An eminent wine writer emailed the Champagne & Sparkling Wine World Championships (CSWWC) about last year’s results, claiming, “It’s all very well saying the best English sparkling wine is in a Jéroboam. I’ve never even seen one. Who has? The real competition is between 75cl bottles, the size everyone actually has. Marking magnums as consistently better makes the whole show seem unreal.”
The Jéroboam in question was, of course, Nyetimber Classic Cuvée. I am somewhat surprised that our wine writer friend (and he is a friend) has never seen a Jéroboam of Nyetimber, but his argument is better summed up by the last two sentences: “The real competition is between 75cl bottles, the size everyone actually has. Marking magnums as consistently better makes the whole show seem unreal.” I cannot imagine he is alone in thinking this, so its implications deserve examination.
While we encourage magnums, we do not ignore 75cl bottles. How could we? As pointed out, the vast majority of bottles sold are standard 75cl, which is why most CSWWC entries are 75cl (83% in 2020, for example), and that is proof that ours is a “real competition” between 75cl bottles.
That is not to ignore the effect of intrinsically superior magnums on the CSWWC’s results. Last year, we received 180 entries in magnum, which is a much higher proportion than any other competition, yet it represents only 17 percent of all entries. Nevertheless, this relatively small share of the entries was responsible for no less than 50 percent of all gold medals and 50 percent of all Best in Class awards. These percentages are pretty much the same every year, but contrary to our friend’s assertion that this “makes the whole show seem unreal,” we believe the opposite. It is the only competition that reveals the reality of sparkling-wine quality. Our function is not to maintain the status quo of the market but to shift consumers to higher quality—not by blindly following our results, but through an understanding of where, why, and how that higher quality exists. No one should be complacent about a market flooded with 75cl bottles. We need to explain why magnums are a bigger game-changer for sparkling wines than they are for any other style and to dare consumers to be brave and bold when embracing the larger bottle format. Magnums are not just for big dinner parties; they can be for couples, for everyday drinking, and after opening can be kept in a fridge as easily as 75cl bottles.
Sparkling-wine producers have always known that magnums are intrinsically superior, yet they have never attempted to get that message across, and despite a recent growing awareness, it remains very much a mystery to most consumers. That is why the CSWWC continues to promote magnums and use their disproportionate success in the competition every year to authenticate the magnum effect as fact, not opinion. If you Google the phrase “magnum effect,” you get 4,820 hits. This embarrassingly small result demonstrates just how much work there is still to do, but if you Google the phrase “magnum effect” and restrict the search to pre-2014, when the CSWWC began, you get just 24 results, and most of those refer to a certain type of ice cream. Try to find books, articles, blog posts, or social media highlighting the benefits of magnums over bottles prior to 2014, and the story is very similar, yet its dissemination has become almost de rigueur among the more knowledgeable commentators today. The CSWWC does not claim to be the only one responsible for this increased awareness, but it is proud to have contributed to the discussion, and this “makes the whole show real” as far as its chairman is concerned.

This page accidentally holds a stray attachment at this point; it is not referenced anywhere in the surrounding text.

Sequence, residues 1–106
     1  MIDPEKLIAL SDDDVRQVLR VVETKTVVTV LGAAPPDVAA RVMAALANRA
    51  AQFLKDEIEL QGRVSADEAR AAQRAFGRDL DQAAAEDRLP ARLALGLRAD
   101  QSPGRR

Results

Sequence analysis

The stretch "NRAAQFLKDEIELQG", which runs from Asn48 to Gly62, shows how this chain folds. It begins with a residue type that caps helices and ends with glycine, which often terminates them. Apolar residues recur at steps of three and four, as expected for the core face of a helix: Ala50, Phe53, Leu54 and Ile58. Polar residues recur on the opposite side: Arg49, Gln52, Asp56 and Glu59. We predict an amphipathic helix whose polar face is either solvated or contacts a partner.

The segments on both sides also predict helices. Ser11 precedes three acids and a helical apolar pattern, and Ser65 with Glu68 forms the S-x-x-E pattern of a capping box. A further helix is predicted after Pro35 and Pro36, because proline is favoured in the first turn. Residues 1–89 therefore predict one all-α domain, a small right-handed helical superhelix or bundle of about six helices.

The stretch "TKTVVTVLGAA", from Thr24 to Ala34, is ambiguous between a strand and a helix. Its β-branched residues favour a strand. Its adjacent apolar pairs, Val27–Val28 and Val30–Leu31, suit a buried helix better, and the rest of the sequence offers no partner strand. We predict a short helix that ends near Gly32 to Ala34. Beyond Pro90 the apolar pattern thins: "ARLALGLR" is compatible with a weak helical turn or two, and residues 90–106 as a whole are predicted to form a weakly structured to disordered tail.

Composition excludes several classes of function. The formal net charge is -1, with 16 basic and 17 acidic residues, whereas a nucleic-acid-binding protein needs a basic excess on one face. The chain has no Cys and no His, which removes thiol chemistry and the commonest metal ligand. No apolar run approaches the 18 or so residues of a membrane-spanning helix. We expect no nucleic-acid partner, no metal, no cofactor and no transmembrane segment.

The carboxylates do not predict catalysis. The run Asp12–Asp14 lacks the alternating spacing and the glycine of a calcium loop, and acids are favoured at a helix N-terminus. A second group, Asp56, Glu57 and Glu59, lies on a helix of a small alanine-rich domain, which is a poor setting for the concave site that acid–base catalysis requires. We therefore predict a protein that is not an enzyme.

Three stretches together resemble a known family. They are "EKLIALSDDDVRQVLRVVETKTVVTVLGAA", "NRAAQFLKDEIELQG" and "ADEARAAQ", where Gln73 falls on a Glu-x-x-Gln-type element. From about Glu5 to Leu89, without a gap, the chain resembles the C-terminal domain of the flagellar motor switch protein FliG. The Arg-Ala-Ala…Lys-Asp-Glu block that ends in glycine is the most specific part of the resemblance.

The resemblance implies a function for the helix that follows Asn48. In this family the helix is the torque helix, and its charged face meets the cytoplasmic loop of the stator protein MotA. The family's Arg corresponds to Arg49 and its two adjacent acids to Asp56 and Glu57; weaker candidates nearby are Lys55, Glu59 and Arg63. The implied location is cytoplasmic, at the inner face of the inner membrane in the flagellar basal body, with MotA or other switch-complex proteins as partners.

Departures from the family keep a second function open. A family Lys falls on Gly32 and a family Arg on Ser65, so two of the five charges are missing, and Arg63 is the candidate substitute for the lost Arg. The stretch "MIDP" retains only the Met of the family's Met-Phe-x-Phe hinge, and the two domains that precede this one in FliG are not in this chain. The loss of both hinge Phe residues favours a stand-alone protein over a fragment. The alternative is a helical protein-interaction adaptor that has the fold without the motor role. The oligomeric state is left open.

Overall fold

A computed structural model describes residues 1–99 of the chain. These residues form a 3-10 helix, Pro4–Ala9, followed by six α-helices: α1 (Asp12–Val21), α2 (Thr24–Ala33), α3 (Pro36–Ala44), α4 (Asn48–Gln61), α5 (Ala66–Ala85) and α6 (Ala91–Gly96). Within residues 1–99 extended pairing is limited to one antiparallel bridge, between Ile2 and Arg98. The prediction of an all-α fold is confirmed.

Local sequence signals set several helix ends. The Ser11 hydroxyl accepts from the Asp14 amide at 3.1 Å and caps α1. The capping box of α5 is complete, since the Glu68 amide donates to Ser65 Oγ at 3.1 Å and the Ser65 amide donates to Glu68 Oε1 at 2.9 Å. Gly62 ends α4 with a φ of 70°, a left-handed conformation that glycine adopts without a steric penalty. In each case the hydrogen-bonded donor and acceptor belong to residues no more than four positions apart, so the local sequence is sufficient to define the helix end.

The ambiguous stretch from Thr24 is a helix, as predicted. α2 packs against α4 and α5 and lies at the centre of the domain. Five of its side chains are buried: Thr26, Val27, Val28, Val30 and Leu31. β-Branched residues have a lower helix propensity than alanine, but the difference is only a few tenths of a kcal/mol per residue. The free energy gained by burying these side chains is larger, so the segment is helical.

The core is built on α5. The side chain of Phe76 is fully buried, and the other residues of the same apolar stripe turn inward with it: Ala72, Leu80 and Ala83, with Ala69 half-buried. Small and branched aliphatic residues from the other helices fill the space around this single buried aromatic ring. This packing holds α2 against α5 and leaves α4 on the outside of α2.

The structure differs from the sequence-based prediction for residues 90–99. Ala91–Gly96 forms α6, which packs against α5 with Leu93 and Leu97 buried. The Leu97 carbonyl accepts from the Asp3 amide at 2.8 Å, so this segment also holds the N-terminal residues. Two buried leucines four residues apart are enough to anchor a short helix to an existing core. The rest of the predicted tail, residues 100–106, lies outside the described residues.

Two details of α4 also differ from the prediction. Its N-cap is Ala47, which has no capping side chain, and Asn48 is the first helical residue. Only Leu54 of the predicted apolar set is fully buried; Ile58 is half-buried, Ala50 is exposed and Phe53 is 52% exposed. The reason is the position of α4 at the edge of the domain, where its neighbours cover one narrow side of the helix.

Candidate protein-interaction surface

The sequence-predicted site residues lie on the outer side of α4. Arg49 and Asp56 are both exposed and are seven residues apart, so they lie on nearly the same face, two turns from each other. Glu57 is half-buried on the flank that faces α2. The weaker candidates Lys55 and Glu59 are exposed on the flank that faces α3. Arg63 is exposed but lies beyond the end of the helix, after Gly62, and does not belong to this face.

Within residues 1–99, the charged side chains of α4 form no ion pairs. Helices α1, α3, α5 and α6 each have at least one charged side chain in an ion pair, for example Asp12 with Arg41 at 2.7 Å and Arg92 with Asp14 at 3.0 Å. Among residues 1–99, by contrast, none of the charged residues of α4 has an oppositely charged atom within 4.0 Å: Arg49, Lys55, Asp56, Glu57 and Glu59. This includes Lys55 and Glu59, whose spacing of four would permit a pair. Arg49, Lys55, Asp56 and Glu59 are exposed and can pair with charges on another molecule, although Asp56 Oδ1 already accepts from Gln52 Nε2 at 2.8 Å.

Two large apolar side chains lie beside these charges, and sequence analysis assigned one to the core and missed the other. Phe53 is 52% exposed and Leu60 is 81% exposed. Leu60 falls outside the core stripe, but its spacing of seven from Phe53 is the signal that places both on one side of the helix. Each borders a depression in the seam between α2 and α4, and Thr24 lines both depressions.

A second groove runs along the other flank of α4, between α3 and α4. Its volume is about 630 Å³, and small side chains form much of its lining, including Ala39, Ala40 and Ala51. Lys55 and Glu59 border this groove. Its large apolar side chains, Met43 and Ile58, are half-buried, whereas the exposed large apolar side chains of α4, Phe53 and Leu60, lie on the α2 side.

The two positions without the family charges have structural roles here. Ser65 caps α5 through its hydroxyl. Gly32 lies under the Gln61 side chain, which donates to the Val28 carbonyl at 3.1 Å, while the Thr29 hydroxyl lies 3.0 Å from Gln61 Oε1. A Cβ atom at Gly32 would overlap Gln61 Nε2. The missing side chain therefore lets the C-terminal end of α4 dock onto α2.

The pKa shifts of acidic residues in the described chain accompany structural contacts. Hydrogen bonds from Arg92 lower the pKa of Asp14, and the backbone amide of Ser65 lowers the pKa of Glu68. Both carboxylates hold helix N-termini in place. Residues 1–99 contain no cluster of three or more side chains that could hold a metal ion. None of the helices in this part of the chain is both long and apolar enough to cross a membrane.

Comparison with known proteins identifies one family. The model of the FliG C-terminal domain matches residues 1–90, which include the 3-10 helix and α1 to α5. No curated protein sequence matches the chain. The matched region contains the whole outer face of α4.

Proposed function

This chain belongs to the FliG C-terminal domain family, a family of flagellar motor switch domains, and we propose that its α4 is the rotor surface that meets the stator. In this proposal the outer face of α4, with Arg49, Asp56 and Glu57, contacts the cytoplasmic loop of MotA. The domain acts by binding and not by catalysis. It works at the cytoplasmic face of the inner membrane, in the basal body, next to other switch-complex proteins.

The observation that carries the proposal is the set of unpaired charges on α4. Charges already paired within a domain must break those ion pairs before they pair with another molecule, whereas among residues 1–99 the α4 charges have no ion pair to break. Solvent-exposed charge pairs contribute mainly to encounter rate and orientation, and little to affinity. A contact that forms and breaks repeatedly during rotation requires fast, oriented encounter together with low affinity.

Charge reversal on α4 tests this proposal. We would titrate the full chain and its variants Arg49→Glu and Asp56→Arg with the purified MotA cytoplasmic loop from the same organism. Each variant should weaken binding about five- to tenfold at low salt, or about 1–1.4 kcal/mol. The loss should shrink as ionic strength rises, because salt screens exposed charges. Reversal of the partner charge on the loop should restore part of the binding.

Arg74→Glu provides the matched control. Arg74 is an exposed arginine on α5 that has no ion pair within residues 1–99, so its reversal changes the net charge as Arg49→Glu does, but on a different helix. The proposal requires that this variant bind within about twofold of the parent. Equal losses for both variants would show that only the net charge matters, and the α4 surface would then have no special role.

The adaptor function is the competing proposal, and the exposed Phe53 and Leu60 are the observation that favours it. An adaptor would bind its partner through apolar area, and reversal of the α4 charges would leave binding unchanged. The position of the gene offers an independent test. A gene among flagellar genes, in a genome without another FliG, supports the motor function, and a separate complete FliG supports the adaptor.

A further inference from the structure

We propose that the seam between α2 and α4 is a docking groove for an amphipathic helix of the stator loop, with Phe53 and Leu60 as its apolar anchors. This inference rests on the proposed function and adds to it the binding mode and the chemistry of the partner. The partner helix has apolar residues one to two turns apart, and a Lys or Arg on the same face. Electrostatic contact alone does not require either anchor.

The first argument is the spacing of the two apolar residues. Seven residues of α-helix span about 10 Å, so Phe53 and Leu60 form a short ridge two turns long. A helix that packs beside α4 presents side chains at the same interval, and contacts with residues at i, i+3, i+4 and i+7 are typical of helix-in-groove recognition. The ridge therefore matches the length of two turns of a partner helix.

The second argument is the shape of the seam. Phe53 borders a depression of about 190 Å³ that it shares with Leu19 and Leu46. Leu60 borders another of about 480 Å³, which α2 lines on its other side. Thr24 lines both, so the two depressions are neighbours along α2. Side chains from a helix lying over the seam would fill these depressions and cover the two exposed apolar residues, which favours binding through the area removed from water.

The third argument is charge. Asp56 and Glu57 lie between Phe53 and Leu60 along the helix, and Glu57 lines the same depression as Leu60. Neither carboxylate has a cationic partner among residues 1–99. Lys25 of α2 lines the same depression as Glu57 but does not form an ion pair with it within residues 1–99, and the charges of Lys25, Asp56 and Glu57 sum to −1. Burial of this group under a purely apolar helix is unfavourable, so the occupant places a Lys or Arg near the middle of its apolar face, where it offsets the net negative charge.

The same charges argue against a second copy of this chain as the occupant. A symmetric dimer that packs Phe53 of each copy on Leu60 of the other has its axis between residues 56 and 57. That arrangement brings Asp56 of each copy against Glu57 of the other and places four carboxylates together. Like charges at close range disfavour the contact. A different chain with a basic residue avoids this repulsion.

The other side of the coin to the disproportionately high success of magnums at the CSWWC is how it shines the spotlight on the quite extraordinary performance of the disproportionately low success of 75cl bottles. If a standard bottle can win a gold medal in the company of gold-winning magnums, it is a well-won gold indeed. But if it goes on to trounce such superb magnums and pick up a Best in Class award in the process, it’s a miracle!
It is not just consumers who benefit from the CSWWC’s encouragement of magnum entries. Producers do, too. Based on the competition’s data, if a magnum wins gold, a 75cl of exactly the same wine should win at least silver. This is fairly intuitive, particularly with the same judges tasting all the wines year in and year out. But if a 75cl of exactly the same wine does not win at least a silver (and a small yet significant number do not), the producer really does have a problem. The lower the score, the bigger that problem is. Once alerted, producers know that in order to identify the cause and rectify it, they must examine and compare everything (processes, components, transport, storage, timings, and environments) from the point of bottling, up to shipment of both magnum and standard-bottle formats.
Although the CSWWC accepts all bottle formats from 75cl upward, it does not exactly encourage Jéroboams or even larger bottle formats, simply for practical purposes. To avoid any misunderstanding, Jéroboams are undeniably superior to magnums, but due to wine-O2 ratios, the difference in quality is nowhere near as great as that between magnums and standard 75cl bottles.
When it comes to sparkling wine, size really does matter, providing that the second fermentation has taken place inside the vessel in which it is sold. If the second fermentation takes place in a tank or the wine is transfer-method, the difference in quality between standard and large-format bottles is little different than it is for still wine.